“When you see something that is not right, not just, not fair, you have a moral obligation to say something, to do something,” Congressman John Lewis said on the House floor during the impeachment process for President Donald J. Trump in 2019. “Our children and their children will ask us, ‘What did you do? What did you say?’ For some, this vote may be hard. But we have a mission and a mandate to be on the right side of history.”
Over a period of sixty years, from when he was barely in his twenties until the time that he was diagnosed with stage four pancreatic cancer, John Lewis was always in the vanguard, making what he called “good trouble,” by working tirelessly for equality and non-violent social change. This commitment to making the United States a better place for all of its citizens began in 1960, when twenty-year-old Lewis cofounded the Student Nonviolent Coordinating Committee (SNCC). From that point on, he took the lead in organizing the freedom rides, sit-ins, marches, and other demonstrations that were part of the SNCC’s drive to end racial segregation and secure voting rights for millions of disenfranchised African Americans. For the final thirty-three years of his life, Lewis served as the representative of Georgia’s fifth congressional district in the U.S. House of Representatives.
John Lewis was born to a family of sharecroppers on February 21, 1940, in Troy, Alabama. Studying first to be a minister, he attended American Baptist Theological Seminary in Nashville, Tennessee, before pursuing a bachelor's degree in religion and philosophy from Fisk University. By the time he finished his studies, he was deeply involved in the civil rights movement. Lewis was one of the thirteen original Freedom Riders in 1961, an organizer of the March on Washington in 1963, and a key figure in the Selma to Montgomery marches for voting rights in 1965. In the 1970s, Lewis served in the administration of President Jimmy Carter before making his first successful run for congress in 1986.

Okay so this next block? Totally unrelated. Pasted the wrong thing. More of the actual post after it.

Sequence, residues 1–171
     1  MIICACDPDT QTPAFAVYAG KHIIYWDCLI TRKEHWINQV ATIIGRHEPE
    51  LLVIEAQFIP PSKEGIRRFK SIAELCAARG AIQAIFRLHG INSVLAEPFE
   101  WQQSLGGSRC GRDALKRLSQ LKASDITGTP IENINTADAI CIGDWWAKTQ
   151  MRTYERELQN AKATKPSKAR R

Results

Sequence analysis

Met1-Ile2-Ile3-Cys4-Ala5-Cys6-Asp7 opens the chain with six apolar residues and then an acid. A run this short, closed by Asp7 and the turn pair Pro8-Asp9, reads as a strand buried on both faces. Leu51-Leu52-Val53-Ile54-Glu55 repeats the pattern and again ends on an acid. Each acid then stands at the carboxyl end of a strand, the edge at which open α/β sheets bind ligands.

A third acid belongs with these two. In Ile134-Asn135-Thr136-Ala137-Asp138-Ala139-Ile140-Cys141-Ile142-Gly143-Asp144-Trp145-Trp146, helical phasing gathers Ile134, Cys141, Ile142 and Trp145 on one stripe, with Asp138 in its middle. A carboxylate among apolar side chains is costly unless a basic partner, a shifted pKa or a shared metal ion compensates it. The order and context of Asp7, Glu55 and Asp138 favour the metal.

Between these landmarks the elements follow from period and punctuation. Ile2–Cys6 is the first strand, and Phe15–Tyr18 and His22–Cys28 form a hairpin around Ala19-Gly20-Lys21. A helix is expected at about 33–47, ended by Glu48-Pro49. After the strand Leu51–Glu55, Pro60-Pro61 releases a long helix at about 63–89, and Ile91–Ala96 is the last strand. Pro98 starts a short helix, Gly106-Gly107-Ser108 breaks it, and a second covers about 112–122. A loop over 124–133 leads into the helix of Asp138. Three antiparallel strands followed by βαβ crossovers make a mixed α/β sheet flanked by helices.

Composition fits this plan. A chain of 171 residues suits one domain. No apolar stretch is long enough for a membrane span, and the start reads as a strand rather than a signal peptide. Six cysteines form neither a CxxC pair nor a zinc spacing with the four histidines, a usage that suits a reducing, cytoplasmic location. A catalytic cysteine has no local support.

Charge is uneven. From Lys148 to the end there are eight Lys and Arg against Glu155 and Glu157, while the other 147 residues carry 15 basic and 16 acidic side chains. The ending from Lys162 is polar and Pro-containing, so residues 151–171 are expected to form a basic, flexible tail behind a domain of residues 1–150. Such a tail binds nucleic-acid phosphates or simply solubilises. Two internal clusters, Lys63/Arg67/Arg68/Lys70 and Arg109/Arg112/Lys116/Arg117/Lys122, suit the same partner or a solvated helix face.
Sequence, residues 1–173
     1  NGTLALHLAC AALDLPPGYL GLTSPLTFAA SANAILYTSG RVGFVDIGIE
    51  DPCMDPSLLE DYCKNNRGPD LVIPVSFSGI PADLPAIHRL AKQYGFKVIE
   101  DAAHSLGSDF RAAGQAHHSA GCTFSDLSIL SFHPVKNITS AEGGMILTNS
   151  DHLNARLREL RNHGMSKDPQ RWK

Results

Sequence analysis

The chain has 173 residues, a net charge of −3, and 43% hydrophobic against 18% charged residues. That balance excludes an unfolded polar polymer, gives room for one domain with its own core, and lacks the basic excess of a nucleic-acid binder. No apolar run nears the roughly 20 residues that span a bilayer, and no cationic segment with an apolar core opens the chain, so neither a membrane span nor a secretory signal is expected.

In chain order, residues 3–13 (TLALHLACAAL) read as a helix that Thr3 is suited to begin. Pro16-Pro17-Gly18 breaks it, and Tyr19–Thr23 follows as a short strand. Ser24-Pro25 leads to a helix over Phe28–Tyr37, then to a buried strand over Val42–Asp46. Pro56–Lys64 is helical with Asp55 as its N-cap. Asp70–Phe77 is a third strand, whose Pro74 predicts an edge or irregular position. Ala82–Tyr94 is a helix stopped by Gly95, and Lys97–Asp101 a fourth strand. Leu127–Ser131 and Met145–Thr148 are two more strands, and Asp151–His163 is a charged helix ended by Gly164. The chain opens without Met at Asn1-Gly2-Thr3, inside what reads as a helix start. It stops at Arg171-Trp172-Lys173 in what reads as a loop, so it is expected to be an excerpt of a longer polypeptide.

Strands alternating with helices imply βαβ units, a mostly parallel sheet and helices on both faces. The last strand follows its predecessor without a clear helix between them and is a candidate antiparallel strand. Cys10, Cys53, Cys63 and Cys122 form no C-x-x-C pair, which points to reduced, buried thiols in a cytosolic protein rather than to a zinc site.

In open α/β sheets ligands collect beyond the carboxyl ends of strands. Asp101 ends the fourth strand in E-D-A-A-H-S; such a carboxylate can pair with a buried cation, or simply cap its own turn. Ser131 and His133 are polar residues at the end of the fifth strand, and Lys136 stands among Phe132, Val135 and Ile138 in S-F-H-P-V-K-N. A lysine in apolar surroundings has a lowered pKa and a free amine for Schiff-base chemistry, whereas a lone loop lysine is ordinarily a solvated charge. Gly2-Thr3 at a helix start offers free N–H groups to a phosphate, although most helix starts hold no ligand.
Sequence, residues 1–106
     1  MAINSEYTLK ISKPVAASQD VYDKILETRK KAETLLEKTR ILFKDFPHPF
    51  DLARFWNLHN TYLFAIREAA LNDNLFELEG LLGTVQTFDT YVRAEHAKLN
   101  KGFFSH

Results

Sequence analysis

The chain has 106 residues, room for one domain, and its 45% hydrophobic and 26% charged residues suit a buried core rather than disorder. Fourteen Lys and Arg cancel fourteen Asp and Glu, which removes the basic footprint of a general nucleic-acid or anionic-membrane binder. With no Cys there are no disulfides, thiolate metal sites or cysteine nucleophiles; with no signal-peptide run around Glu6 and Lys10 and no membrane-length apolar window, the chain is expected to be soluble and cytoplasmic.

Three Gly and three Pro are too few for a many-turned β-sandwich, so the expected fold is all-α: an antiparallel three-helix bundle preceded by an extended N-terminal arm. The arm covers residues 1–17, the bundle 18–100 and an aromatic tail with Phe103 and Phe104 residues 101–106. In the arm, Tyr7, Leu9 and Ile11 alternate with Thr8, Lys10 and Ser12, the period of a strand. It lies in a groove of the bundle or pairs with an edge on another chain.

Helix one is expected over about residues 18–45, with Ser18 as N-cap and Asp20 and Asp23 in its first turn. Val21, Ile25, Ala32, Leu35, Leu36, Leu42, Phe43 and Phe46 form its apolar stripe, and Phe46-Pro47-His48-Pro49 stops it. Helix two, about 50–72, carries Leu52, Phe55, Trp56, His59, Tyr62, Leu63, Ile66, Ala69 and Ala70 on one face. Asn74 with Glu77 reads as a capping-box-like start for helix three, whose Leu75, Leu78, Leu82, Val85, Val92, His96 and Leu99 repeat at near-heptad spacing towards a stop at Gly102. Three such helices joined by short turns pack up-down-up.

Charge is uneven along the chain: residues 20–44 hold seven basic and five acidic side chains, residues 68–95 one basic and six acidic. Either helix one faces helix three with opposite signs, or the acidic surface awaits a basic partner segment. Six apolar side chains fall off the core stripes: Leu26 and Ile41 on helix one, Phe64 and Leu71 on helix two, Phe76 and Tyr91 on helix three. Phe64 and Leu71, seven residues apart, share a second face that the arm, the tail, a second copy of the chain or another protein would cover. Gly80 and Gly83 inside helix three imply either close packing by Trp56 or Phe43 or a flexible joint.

Advocating nonviolence “not just as a technique, but as a way of life,” Lewis endured repeated beatings and arrests while leading civil rights protests during the 1960s. This photograph of him kneeling was taken in the summer of 1962, during which time he initiated a direct-action campaign challenging segregation in the community of Cairo, Illinois. As Lewis (far left) and other demonstrators knelt in prayer during a vigil outside the city’s “whites only” swimming pool, Danny Lyon captured this compelling image. A University of Chicago student, Lyon soon became SNCC’s official photographer and documented the organization’s civil rights efforts for several years.
In 1963, the SNCC issued a poster featuring Danny Lyon’s evocative photograph, along with the appeal to “Come Let Us Build a New World Together.” Priced at a dollar, it was the first in a series of such posters designed to raise funds for the organization’s civil rights initiatives and to carry its message to a wide and largely youthful audience. Offered for sale at rallies and through SNCC’s newspaper, The Student Voice, the print run of ten thousand posters sold out quickly. Rather than depicting the action of a single individual, the poster’s image celebrates group-centered leadership in which everyone works and struggles together, side by side.
Lewis’s centrality to this call to collective action is seen in this photograph, by Steve Schapiro, which was taken at the conclusion of the Selma to Montgomery marches in 1965. Lewis marches at far right, at the end of a human chain that incudes Ralph Abernathy, James Forman, Martin Luther King Jr., and Jesse L. Douglas. King had launched a major initiative in January 1965 to register Black voters in Selma, Alabama, and later called for a fifty-mile protest march from Selma to Montgomery. Lewis was in the vanguard on March 7 as marchers crossed Selma’s Edmund Pettus Bridge and were confronted by state troopers and local lawmen. When the protesters did not retreat, they were tear-gassed and savagely attacked. Two days later, King joined Lewis to lead a second march to the bridge on March 9, but the group turned back rather than violate a federal restraining order. After a federal judge issued a decision permitting the march to proceed, a large coalition of civil rights leaders led the triumphant Selma-to-Montgomery march that reached Alabama’s capital on March 25. The events of "Bloody Sunday" in Selma galvanized support for the Voting Rights Act of 1965, which passed both Houses of Congress and was signed into law by President Lyndon Johnson on August 6, 1965.